Naturally, being the home of Australia’s surfing culture, I had lessons booked, which were ‘free’ with my Greyhound ticket, along with a night on Magnetic Island and a day tour to the Atherton Tablelands in Cairns (Bruce Cobber pass: £385). It’s really not worth paying extra for the upgrade passes like the Bonza (adding three nights on Fraser Island) or Cruiser (Fraser/Whitsundays), as you’ll always find cheaper deals on these tours in hostels.
I took lessons with Cat, an English girl who had arrived on the same Greyhound and was staying in the same hostel (Backpackers Inn: $30 a night). Rachel, from Northern Ireland, joined us, but as our beachside photographer rather than being in the water.
Cat had apparently inherited her namesake’s sense of balance and was practically doing yoga on the surfboard within half an hour, while I ended up catching a wave by mistake and bodyboarding in while looking fed up. Despite spending more time in the water than on it, though, I successfully stood and surfed to shore by the end of the day.
As the family back home (you know who you are) were constantly reminding me, Byron Bay is known for being something of a shark hotspot. I felt totally safe, though: jet skis are constantly patrolling for signs of sharks, and our instructor was also on the lookout. It wasn’t until one of my hostel roommates actually saw a shark while surfing that I remembered the dangers. I left that story out of my reports back to the family, for some reason.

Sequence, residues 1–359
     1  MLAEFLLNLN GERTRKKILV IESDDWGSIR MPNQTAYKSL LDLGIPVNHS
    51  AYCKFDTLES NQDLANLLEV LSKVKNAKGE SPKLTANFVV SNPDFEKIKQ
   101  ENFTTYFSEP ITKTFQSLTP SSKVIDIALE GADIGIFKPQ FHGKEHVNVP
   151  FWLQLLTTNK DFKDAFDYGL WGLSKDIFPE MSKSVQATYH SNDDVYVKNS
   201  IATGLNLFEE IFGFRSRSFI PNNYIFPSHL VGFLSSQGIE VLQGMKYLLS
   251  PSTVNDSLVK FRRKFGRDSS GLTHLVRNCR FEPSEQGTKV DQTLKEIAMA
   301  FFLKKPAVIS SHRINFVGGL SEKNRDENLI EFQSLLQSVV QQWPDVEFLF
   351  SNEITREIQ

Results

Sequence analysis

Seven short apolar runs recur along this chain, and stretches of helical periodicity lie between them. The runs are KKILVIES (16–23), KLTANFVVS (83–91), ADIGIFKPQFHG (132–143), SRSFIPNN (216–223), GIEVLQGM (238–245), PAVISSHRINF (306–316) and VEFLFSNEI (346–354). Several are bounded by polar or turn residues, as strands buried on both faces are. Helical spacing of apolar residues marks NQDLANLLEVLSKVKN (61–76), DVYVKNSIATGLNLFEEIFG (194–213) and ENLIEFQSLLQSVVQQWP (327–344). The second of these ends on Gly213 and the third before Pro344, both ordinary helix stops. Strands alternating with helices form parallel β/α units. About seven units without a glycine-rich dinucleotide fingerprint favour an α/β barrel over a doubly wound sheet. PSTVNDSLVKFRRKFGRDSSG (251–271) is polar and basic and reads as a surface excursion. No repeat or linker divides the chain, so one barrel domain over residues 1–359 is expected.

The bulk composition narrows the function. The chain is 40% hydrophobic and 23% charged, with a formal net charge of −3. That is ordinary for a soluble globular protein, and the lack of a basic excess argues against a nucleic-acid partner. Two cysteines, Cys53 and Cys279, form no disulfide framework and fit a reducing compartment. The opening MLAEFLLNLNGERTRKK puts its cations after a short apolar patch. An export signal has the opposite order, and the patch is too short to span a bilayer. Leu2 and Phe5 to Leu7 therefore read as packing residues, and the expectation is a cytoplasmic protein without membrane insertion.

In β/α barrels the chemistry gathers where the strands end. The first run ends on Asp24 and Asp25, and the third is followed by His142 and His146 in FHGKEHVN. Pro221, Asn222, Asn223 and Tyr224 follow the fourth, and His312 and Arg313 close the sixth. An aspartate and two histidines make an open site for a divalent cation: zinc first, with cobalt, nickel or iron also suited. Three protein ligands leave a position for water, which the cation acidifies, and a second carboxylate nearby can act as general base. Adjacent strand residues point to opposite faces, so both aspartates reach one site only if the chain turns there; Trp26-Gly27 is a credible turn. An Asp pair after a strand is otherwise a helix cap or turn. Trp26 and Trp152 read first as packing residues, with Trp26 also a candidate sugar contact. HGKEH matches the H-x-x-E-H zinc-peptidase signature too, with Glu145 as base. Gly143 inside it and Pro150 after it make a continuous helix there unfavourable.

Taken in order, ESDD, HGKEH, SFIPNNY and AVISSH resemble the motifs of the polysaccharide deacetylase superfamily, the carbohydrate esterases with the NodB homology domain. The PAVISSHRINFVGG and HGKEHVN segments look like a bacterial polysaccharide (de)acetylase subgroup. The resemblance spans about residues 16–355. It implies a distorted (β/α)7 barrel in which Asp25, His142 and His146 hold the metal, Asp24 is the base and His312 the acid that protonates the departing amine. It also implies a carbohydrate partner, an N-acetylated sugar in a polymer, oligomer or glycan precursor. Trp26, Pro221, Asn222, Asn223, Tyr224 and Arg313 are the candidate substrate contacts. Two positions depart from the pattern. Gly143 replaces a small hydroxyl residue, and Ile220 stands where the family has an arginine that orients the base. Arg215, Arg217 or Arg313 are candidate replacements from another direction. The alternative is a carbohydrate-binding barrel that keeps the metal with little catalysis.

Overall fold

After surfing, we went to the Indie Travel store on Byron’s Main Street to book tours further up the coast. I took a Fraser ‘tag-along’ tour (you drive yourself, following a guide) and a cruise through the Whitsundays National Park, right in the middle of the Barrier Reef. These are the east coast’s major hotspots; the blunt consensus was, “If you’re not doing Fraser and the Whitsundays, what the fuck are you doing in Australia?” With PR like that, who could say no?
Some fast talking and a lot of smiling meant that I secured a day trip to the Reef from Cairns for free. The total cost was about $900, which was more than I wanted to pay but justified because I secured the free reef tour. I’d advise anyone else to shop around and especially visit the hostels – even ones they’re not staying in.
Towards the end of my time in Byron, I met up with four friends from Macquarie: Tristan (of bin-wearing fame), Tom, Selina and Miri, for a super-Australian night of barbeque and goon (boxed wine: the backpackers’ drink of choice) in my hostel. Afterwards, we went to The Northern, a good live music venue, to watch a reggae-rock band called the Sea Gypsies. We finished the night in Lala Land: not really my scene but fun with friends.
Byron’s nightlife is heaving, and there are plenty of places to choose from. One of the most popular, with live music every night, is Beach (free entry but expensive drinks). For a more traditional club night, head to the other end of the main street (near the Greyhound bus stop) to Cheeky Monkeys ($10 entrance fee). This place certainly wouldn’t pass H&S checks in the UK, as everyone stands on tables and benches to dance. Not very stable, even without the beer!
Our nights out proved to me that Byron is the most laid-back place I’ve ever been. Spilling a drink, which would cause a fight in the boozy British culture, is thrown off with a Shaka sign. This probably has something to do with the closeness of Nimbin, the nation’s weed capital. The most heated argument I saw in my week in the Bay was between two buskers – and they were French.
So, Byron Bay: beautiful scenery; beautiful, relaxed people; and relentlessly standing fast against the tide of invasive capitalism. Of course, this does mean you run into the occasional dreadlocked drum circle on the street, but hey – nowhere is perfect.